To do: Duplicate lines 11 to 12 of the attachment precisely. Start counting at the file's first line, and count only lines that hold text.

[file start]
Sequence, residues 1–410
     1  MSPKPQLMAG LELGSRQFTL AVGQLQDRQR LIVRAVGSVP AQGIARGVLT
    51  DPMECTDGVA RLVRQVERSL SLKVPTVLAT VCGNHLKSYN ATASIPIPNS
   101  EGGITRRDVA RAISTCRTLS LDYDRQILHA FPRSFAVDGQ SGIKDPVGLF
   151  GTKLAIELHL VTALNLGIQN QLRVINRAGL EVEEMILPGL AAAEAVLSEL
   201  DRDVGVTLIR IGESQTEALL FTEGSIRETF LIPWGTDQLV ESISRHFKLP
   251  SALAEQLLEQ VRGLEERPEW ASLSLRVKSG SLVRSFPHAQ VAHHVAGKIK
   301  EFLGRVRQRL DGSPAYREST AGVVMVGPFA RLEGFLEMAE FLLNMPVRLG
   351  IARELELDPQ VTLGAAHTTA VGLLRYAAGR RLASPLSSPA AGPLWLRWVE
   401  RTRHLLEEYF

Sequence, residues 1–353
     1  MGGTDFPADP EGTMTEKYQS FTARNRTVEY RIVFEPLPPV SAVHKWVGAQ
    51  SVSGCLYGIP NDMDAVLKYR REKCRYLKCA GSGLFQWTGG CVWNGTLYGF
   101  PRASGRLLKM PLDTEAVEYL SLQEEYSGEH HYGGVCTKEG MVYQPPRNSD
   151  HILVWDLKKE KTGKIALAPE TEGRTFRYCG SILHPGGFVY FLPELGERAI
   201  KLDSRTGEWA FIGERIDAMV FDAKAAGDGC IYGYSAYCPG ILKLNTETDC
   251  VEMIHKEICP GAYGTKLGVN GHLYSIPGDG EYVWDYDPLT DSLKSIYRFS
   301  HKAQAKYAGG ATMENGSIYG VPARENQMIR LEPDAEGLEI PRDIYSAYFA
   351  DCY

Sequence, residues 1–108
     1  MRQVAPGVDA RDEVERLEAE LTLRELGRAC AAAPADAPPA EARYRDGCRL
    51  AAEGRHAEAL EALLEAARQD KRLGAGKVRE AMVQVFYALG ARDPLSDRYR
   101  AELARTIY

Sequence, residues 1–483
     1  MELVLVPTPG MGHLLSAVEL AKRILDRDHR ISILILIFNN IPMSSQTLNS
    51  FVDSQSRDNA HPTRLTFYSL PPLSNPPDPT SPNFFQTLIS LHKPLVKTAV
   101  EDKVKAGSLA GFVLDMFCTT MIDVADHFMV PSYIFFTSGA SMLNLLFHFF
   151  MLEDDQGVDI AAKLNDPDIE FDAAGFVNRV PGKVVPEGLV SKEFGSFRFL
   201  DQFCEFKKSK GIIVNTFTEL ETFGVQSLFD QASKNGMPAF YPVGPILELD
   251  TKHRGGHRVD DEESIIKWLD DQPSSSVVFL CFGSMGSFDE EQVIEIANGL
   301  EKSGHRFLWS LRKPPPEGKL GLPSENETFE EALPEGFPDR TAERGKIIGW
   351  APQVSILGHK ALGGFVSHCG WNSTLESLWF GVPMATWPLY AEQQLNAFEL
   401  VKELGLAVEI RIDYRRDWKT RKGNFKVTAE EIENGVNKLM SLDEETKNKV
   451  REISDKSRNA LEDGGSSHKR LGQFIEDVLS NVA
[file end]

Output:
Sequence, residues 1–353
     1  MGGTDFPADP EGTMTEKYQS FTARNRTVEY RIVFEPLPPV SAVHKWVGAQ